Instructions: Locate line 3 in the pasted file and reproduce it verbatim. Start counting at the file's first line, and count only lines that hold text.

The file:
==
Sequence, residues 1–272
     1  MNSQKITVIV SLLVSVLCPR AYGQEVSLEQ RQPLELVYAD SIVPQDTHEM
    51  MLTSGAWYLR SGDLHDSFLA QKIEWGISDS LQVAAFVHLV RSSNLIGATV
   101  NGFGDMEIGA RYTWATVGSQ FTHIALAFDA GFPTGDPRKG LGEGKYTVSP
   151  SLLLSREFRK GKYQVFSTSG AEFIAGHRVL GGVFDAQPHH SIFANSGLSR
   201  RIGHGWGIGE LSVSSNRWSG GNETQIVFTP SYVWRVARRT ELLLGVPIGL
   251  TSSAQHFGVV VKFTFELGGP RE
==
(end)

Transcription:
    51  MLTSGAWYLR SGDLHDSFLA QKIEWGISDS LQVAAFVHLV RSSNLIGATV